So I take it you don't have the software he used? Or do you have it?
If not, then off the top of my head I would say the DOS program was a program called TurboCNC. That would be a software program that interprets the g code instructions and then tells your machine how and were to move. So in other words, the g code is like a list of instructions that is basically a text file and the controller software, TurboCNC, follows those instructions and tells your machine what to do.
A more popular software for this is called Mach3. Or you can get TruboCNC if you want.
The other software, Profilelab, is called CAM software. CAM stands for Computer Aided Manufacturing. Reading up on this particular software it sounds like it has built in CAD too. CAD stands for Computer Aided Design. So this software is called CAD/CAM. Yes, you could use this software, yet, although they have a 3D version, it seems as though this is mostly a 2D software.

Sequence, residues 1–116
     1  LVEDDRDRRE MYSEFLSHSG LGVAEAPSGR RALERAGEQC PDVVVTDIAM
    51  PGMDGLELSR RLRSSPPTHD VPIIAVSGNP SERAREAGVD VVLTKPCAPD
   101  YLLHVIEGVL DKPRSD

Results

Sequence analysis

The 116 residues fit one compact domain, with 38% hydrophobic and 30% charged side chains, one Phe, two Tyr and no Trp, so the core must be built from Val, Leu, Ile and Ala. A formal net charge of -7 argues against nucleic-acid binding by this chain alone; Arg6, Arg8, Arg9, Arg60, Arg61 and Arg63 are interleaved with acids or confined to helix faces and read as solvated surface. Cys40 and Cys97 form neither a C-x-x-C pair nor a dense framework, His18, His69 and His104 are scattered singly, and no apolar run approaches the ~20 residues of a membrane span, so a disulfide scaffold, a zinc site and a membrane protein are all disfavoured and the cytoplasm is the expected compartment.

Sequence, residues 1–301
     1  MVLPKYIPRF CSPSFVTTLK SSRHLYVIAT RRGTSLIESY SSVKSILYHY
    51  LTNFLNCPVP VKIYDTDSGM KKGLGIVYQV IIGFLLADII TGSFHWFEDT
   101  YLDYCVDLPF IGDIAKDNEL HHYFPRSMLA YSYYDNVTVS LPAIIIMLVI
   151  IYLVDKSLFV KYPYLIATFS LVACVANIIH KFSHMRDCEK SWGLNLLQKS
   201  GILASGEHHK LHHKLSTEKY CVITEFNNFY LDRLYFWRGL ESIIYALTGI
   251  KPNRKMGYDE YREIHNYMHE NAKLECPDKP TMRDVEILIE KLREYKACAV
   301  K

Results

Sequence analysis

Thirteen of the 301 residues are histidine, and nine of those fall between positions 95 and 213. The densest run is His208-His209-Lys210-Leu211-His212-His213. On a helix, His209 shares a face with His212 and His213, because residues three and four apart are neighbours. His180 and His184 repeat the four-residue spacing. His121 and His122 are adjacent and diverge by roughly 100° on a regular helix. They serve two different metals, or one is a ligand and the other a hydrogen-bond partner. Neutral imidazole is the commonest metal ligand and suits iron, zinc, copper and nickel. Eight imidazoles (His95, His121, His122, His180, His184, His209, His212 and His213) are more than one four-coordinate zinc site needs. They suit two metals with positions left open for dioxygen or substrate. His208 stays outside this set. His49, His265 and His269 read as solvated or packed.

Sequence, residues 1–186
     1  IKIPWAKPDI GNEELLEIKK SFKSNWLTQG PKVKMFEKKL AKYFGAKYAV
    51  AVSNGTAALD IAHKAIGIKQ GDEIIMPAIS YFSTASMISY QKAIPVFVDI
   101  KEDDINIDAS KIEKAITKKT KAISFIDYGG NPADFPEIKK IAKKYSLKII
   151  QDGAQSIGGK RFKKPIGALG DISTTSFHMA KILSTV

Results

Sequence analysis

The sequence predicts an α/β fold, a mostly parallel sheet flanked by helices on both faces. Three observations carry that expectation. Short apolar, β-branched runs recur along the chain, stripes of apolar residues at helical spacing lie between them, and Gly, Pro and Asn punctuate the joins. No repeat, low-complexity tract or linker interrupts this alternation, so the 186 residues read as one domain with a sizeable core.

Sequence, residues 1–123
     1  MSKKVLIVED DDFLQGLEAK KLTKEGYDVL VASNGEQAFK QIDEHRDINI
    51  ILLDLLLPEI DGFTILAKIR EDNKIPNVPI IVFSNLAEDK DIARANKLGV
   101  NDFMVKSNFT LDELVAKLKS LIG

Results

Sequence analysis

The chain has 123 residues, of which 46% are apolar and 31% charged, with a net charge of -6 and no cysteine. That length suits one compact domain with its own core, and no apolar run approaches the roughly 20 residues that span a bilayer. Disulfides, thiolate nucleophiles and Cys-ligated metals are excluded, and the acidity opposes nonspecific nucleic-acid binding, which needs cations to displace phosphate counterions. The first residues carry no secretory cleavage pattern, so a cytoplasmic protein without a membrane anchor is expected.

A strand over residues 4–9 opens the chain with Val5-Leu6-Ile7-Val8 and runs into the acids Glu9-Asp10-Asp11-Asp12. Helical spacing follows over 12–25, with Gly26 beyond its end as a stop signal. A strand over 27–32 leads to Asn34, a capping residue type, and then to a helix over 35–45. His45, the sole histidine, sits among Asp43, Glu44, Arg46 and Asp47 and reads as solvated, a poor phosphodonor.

For machining musical instruments you'd probably want a more robust CAM software that can do full 3D tool path generation. There are many out there. MasterCam is the leader of the pack, but everyone has their version of CAM software that they like. I prefer VisualMill and VisualTurn, although I haven't touched my CNC stuff in a while so I'm not good person for making a recommendation for good CAM software. MasterCAM will set you back quite a bit. I don't know what the going rate is as of now, but last I heard I think it was around $10,00 US for a single seat.
If you don't have CAD/CAM you'll need software to do 3D CAD. A really good one is Google SketchUp. It's free and it's a good starter 3D software. The best is SolidWorks! Well, according to me, others will have numerous other recommendations.
That should get you started with getting the software you need.
One last thing though. And that is something called the post processor found in CAM software. I bring this up because I had a problem understanding this when I was first starting out. The post processor is a list of instructions that is specific to your machine. It basically tells your CAM software the size of your machine and numerous other specifications which allows your CAM software to generate the g code instructions custom tailored for your machine.
You found the right spot to ask questions! CNCzone has by far the biggest online community of CNC machinists, so ask away!